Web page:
An identity term for a person who may not identify with and/or express themselves within the gender binary.
The individual, societal, cultural, and institutional beliefs and practices that favor heterosexuality and assume that heterosexuality is the only natural, normal, or acceptable sexual orientation. This creates an imbalance in power leading to systemic, institutional, pervasive, and routine mistreatment of gays, lesbians, and bisexuals.
An identity term for a female-identified person who is attracted to male-identified people or a male-identified person who is attracted to female-identified people.
The fear, hatred, and intolerance of people who identify or are perceived as gay or lesbian.
When people from targeted groups believe, act on, or enforce dominant systems of oppression against other members of targeted groups.
The fear and self-hatred of one’s own identity or identity group. Internalized oppression is learned and is based on the acceptance of oppressive stereotypes, attitudes, and beliefs about one’s own identity group.
A feminist sociological model and/or lens for critical analysis that focuses on the intersections of multiple, mutually-reinforcing systems of oppression, power, and privilege. Intersectional theorists look at how the individual experience is affected by multiple axes of oppression and privilege. Variables include, but are not limited to: race, gender, ethnicity, religion, ability, education, sexual orientation, sexuality, gender identity, gender expression, class, first language, citizenship, and age.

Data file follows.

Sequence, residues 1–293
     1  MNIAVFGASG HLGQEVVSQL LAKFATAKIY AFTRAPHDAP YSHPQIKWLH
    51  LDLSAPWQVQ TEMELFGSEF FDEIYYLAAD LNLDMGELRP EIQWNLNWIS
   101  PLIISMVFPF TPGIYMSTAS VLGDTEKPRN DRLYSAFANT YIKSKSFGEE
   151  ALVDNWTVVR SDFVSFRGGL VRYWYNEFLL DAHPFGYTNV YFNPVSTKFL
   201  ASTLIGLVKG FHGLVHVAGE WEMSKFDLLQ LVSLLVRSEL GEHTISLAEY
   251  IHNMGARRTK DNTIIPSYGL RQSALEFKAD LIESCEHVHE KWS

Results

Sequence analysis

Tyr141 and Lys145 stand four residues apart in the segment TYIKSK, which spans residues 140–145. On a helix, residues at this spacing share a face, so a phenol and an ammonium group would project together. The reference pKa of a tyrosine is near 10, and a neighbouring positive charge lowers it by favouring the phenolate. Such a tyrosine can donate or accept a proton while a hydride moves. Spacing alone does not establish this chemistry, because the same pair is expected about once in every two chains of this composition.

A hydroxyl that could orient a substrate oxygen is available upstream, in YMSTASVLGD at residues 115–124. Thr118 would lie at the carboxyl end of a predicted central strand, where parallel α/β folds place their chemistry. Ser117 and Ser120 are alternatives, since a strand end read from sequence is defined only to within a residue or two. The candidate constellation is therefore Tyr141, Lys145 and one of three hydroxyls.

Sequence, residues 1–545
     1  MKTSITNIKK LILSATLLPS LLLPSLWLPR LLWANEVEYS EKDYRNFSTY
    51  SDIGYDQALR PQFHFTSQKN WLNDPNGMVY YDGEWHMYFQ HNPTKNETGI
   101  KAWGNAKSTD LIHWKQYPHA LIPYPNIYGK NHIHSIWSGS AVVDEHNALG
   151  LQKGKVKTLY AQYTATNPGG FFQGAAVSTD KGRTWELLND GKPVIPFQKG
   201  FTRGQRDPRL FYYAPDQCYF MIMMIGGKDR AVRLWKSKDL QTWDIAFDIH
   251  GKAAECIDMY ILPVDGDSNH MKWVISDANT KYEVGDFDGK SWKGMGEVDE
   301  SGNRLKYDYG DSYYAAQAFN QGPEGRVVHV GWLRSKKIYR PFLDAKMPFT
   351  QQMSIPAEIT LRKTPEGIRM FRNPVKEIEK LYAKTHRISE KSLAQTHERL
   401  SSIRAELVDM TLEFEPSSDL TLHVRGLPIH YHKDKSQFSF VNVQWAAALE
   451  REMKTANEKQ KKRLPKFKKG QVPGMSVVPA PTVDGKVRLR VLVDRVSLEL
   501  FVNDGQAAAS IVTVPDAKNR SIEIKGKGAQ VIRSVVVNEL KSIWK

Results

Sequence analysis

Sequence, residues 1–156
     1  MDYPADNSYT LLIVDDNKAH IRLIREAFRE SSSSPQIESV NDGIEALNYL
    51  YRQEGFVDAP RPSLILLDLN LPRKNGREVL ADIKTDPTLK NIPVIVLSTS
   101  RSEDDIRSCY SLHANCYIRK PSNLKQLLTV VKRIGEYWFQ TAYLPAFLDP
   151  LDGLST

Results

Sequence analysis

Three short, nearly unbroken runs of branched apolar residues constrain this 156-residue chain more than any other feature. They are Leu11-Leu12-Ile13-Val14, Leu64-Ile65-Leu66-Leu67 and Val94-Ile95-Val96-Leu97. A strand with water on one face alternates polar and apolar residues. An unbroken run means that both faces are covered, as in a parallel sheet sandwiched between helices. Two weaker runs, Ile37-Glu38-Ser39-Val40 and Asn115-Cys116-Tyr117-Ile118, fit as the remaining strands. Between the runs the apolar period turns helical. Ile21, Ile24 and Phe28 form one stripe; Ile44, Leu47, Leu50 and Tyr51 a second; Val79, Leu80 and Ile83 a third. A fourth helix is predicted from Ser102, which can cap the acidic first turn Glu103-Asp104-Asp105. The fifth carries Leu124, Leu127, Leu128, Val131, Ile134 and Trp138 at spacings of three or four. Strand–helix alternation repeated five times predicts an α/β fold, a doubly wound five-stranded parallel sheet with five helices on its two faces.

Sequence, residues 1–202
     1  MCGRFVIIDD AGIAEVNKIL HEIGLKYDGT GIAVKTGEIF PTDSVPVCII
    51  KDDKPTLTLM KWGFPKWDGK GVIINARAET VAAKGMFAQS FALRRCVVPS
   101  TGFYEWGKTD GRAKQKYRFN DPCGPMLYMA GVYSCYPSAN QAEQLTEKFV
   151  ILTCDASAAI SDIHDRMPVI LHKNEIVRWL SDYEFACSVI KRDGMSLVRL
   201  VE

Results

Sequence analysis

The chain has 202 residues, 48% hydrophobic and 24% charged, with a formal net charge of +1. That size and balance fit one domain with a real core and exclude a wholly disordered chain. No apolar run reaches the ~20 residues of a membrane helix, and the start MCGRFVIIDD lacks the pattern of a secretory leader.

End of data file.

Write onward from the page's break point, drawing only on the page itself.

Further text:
A person whose genitals, secondary sex characteristics, chromosomes, and/or hormone levels do not fit into the medical/societal definition of male or female. This is the preferred term to hermaphrodite.
The irrational fear or hatred of Islam, Muslims, Islamic traditions and practices, and, more broadly, those who appear to be Muslim.
An identity term for a female-identified person who is attracted to other female-identified people.
The systemic and pervasive nature of social inequality woven throughout social institutions as well as embedded within individual consciousness. Oppression fuses institutional and systemic discrimination, personal bias, bigotry, and social prejudice in a complex web of relationships and structures that saturate most aspects of life in our society.
- Oppression denotes structural and material constraints that significantly shape a person’s life chances and sense of possibility.
- Oppression also signifies a hierarchical relationship in which dominant or privileged groups benefit, often in unconscious ways, from the disempowerment of subordinated or targeted groups.
- Oppression resides not only in external social institutions and norms but also within the human psyche.
- Eradicating oppression ultimately requires struggle against all its forms. Building coalitions among diverse people offers the most promising strategies for challenging oppression systematically.
An identity term for a person who is attracted to people of all genders: men, women, transgender individuals, and genderqueers.
The ability to get what you want.